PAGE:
Katherine Shock, Oxford Jewish Community IN Christ Church Cathedral in the Bishop Bell Chapel to the left of the nave, a fiercely strong and beautiful sculpture called Thornflower stands until June.

This has been made as a heartfelt gesture of hope and human solidarity in the face of pain and suffering by one of Britain's finest sculptors, Charlotte Mayer.

Tomorrow she will be coming to Oxford to tell the story of its creation.

Her hope is that this will be one of the many stops on its journey with a message of love and reconciliation bringing together people of all faiths.

She will tell how it developed from her own story of escape from Prague as a child in 1939 when the Germans invaded, and the death of a beloved Grandmother, Ruzena (Czech for Rose) in Treblinka after she had been first taken to Terezin (Theresienstadt).

Charlotte settled in England and found joy in sculpture and the warmth of new family life.

Recently she has been moved to examine the family tragedy in the light of so many others around the world, and create a response in the way most natural to her, in bronze and steel.

The sculpture itself had a long gestation period, even after her decision to make something, and she says that she took many paths that led her in the wrong direction.

Eventually she decided that she would visit Terezin with one of her twin daughters and was horrified by what she found there.

Oxford Mail:

  • Katherine Shock

However, it was here that she realised that, no matter how terrible the circumstances of life might be, courage, human solidarity and loving kindness are never destroyed.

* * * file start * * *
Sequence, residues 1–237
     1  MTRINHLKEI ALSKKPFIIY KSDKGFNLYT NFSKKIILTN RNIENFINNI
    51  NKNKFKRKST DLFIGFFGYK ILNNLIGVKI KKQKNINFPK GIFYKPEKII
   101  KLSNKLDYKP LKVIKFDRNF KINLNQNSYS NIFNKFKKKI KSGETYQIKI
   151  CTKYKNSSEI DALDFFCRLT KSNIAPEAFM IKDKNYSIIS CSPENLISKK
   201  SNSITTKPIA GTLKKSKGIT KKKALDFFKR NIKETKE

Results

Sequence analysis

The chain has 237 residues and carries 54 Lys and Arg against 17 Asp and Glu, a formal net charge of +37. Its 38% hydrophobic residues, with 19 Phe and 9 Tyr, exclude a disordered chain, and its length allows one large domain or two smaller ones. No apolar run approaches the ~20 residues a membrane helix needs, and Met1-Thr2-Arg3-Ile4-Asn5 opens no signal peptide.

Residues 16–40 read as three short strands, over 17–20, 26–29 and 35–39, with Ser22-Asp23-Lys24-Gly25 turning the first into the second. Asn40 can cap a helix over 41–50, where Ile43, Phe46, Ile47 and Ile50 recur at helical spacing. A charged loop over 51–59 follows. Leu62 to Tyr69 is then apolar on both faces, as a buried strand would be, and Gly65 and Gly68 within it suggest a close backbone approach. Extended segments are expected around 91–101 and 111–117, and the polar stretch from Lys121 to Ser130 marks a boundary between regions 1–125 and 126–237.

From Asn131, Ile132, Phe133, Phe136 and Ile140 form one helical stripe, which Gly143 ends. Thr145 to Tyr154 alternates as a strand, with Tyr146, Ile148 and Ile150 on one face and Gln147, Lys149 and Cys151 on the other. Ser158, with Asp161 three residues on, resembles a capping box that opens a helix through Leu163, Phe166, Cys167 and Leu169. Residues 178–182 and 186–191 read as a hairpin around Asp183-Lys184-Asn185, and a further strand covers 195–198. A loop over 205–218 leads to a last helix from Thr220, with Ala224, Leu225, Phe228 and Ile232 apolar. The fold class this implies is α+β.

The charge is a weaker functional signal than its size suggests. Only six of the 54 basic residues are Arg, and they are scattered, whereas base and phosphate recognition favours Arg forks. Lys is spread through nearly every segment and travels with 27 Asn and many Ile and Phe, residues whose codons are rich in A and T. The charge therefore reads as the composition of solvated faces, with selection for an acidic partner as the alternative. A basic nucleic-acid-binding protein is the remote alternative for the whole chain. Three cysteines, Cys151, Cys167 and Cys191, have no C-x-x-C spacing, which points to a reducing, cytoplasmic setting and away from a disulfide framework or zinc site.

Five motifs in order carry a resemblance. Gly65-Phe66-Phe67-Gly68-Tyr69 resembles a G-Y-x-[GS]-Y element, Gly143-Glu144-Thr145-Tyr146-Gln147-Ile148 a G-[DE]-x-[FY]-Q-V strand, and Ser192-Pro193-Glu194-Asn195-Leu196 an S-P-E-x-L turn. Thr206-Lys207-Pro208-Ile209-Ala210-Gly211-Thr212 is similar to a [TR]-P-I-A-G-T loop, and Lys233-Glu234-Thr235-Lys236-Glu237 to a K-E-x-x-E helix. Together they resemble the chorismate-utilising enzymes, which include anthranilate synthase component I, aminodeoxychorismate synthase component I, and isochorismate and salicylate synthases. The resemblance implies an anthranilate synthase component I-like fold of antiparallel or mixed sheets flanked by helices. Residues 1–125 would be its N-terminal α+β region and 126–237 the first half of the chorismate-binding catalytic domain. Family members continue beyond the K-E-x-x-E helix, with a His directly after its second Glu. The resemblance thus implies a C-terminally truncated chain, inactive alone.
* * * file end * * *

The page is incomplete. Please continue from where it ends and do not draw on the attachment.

Returning home she finally found something satisfying with thorns and flowers, diametrically opposite in form, yet joined to each other in such a way that they supported each other.

With five thorny uprights and three flowers she made a sculpture of eight units 1.5 metres tall, though able to be produced at double this size if need be.

One version of the sculpture now stands permanently at St Ethelburga’s Centre for Reconciliation and Peace in Hampshire, and the Oxford one has already been to Chichester, Salisbury and Southwark Cathedrals.

Who knows where it will journey next? Charlotte’s message is clear: “Like little flowers that creep through concrete pavements in our cities, love is subversive and never defeated. It will always win through somehow.”

The Oxford Council of Christians and Jews and Christ Church Cathedral have welcomed this chance to hear Charlotte and share her tale with those of other faiths as she would wish.

Her talk will be surrounded by Jewish music and song, composed by Alexander Massey, who will sing them with Emma Pooley in Christ Church’s peaceful setting.

The Council of Christians and Jews represent a group of people throughout the country who have a total commitment to a respect for each other’s religion and a belief that it is only by understand-ing more about others that one learns to respect their ways, even if they are not your own ways.

They feel that this is essential to make sure that future holocausts are unthinkable, because those that happen are so often based on lack of knowledge of ‘the other’, whoever that might be.

Members of the Oxford Council of Faiths, who have also been invited to Christ Church, further this belief with a wider group of religions who come together to support each other when needed.

Charlotte’s vision of greater understanding comes to a fertile if still very small seedbed.